Montana’s state constitution contains what is arguably the most stringent environmental protection clause of any state. Article II, Section 3 of the Montana Constitution guarantees all persons “the right to a clean and healthful environment.” This provision is paired with Article IX, Section 1, which says the “state and each person shall maintain and improve a clean and healthful environment in Montana for present and future generations.” Although these clauses have been in the state constitution since 1972, they rarely have been applied by the Montana Supreme Court to invalidate legislation, overturn state action or to provide a private remedy. In October, 2012, the Montana Supreme Court rejected the latest attempt to apply these provisions.
Montana is a coal-rich state. The State of Montana owns significant quantities of this coal. The State Land Board controls the leasing of state-owned coal. In 2010, the land board approved a massive lease to Arch Coal. Montana received an $85 million bonus payment for this lease.
In addition to the environmental-protection provisions of the state constitution, Montana has a state environmental policy act, structured similarly to the National Environmental Policy Act (NEPA). The Montana Environmental Policy Act (MEPA) contains a number of exemptions from environmental review that would otherwise be required. One of these provisions exempts the land board from the obligation to undertake environmental review at the leasing stage, so long as a lease contains a provision stating that actual mining is subject to further environmental permitting. The land board relied on this exemption to issue leases to Arch Coal without first undertaking MEPA review.
Several environmental groups challenged the land board’s leasing action, arguing that the application of the MEPA exemption violated the Montana Constitution on an as applied basis. They argued that the leasing decision opened the door to the mining and burning of large quantities of coal without environmental review. A state district court found that mining and burning coal could exacerbate global climate change, which in turn could adversely affect water, air and agriculture in Montana. Based on this finding, the district court declined to dismiss the case, but it also refused to grant summary judgment to the NGO plaintiffs on the constitutional claim. The district court concluded that the State retained sufficient environmental protection mechanisms at the mine permitting stage to meet its constitutional obligations.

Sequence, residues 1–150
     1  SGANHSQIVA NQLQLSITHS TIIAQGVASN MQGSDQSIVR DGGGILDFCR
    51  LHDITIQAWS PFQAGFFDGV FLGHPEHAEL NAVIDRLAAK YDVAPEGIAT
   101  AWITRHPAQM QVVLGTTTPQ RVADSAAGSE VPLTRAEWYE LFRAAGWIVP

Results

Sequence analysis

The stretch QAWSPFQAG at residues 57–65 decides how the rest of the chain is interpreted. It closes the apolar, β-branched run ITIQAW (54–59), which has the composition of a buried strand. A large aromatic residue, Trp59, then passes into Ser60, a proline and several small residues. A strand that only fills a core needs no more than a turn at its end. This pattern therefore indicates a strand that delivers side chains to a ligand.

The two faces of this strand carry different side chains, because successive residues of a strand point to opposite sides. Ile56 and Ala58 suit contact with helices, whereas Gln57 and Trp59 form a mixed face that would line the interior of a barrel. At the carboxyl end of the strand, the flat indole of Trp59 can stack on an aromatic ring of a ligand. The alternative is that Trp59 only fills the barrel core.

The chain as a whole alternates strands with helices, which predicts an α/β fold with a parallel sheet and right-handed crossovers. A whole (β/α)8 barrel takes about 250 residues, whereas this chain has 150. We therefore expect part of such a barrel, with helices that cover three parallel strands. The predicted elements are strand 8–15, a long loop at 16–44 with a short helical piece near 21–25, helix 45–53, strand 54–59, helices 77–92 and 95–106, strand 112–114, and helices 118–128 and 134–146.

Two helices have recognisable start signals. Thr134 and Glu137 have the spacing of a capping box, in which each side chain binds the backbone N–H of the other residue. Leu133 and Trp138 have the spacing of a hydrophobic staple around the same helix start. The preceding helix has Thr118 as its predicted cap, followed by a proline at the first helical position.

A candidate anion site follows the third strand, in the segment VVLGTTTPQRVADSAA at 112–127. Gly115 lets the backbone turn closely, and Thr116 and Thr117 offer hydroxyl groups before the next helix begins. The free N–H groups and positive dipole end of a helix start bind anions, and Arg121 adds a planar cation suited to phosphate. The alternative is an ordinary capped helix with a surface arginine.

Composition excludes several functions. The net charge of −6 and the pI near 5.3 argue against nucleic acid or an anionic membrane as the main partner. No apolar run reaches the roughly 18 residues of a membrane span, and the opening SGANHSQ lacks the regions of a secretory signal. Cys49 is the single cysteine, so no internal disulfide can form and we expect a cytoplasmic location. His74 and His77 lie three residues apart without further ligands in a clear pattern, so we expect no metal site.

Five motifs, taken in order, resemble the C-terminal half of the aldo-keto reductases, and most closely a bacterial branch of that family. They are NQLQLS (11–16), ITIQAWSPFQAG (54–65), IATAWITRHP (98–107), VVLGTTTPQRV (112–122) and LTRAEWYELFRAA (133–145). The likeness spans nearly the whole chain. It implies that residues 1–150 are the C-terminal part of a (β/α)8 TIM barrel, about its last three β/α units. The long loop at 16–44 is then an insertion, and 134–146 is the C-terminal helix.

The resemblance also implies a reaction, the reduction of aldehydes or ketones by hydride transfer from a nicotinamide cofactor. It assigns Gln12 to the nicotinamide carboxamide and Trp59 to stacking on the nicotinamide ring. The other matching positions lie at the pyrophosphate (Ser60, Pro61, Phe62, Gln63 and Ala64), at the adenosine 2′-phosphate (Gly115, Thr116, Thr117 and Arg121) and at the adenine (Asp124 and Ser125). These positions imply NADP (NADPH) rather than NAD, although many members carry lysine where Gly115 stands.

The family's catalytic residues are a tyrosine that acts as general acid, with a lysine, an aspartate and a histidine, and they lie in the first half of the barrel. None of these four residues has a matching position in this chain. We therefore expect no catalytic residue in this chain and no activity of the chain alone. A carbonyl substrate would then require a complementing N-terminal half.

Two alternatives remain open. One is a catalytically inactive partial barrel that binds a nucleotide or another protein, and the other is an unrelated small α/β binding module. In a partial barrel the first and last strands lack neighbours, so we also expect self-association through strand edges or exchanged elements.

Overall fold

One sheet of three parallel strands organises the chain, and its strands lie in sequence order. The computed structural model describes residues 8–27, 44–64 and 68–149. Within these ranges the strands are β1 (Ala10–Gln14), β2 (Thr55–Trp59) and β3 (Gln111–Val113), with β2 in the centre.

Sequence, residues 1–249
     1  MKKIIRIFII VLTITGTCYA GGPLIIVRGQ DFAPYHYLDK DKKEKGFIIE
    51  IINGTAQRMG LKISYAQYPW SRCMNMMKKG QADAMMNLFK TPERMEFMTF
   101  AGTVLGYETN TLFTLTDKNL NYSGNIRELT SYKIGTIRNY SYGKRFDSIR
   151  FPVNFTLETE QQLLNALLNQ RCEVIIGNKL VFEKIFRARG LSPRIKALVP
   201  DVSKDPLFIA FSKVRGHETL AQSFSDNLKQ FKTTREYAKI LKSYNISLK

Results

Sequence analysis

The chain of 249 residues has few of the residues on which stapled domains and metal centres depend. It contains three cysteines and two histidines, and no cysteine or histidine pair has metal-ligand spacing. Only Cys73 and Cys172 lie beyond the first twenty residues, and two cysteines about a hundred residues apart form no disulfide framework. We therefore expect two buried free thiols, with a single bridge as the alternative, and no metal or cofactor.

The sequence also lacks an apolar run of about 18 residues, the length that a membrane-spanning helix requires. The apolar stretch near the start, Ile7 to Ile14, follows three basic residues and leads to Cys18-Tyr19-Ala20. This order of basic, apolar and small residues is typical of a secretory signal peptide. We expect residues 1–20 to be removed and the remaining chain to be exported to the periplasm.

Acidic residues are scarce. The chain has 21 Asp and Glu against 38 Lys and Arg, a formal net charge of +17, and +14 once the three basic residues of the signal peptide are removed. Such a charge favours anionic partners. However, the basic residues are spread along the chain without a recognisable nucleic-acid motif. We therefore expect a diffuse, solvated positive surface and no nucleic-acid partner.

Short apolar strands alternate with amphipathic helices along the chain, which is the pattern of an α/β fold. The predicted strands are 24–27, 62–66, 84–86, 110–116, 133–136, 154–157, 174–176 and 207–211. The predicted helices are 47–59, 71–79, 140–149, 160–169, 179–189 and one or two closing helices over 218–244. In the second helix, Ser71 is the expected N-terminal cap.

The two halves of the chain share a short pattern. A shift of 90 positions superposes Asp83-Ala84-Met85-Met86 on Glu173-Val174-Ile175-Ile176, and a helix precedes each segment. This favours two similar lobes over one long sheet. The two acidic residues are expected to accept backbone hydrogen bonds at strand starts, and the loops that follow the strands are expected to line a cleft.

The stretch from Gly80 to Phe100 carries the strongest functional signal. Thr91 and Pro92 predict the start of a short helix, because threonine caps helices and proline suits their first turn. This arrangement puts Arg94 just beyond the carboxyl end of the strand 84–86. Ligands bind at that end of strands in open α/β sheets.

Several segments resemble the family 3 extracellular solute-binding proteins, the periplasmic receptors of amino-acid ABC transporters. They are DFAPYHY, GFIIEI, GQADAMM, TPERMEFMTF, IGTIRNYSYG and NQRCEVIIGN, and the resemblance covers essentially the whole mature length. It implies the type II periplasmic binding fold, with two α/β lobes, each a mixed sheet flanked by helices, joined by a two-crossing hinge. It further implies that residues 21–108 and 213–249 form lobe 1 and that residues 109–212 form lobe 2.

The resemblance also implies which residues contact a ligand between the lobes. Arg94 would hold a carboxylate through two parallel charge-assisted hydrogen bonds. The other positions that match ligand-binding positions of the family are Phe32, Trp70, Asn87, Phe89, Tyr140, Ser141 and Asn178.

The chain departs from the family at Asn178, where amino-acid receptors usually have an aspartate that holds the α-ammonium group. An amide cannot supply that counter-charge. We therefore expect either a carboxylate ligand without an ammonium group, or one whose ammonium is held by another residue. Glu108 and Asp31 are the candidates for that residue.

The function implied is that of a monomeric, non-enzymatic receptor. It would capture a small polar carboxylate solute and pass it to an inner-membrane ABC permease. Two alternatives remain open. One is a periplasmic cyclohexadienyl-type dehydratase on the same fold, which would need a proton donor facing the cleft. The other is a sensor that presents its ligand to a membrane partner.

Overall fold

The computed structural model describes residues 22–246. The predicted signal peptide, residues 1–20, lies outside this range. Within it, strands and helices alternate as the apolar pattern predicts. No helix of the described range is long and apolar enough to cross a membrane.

The NGO plaintiffs appealed the case to the Montana Supreme Court. In Northern Plains Resource Council v. Montana Board of Land Commissioners, the Supreme Court upheld the district court and rejected the constitutional challenge. Although the Supreme Court confirmed the fundamental right to a clean and healthful environment and acknowledged potential global climate change implications of further coal development, the Court held that it was not required to apply a strict scrutiny analysis to the statutory exemption from MEPA. The Court concluded that “the act of leasing” did not interfere with the exercise of a fundamental right requiring “demonstration of a compelling State interest.” Instead, the Court applied a “rational basis” test to conclude that the potential for additional environmental review at the permitting stage was sufficient. On that basis, the Supreme Court held that the exemption from MEPA review did not violate the Montana Constitution.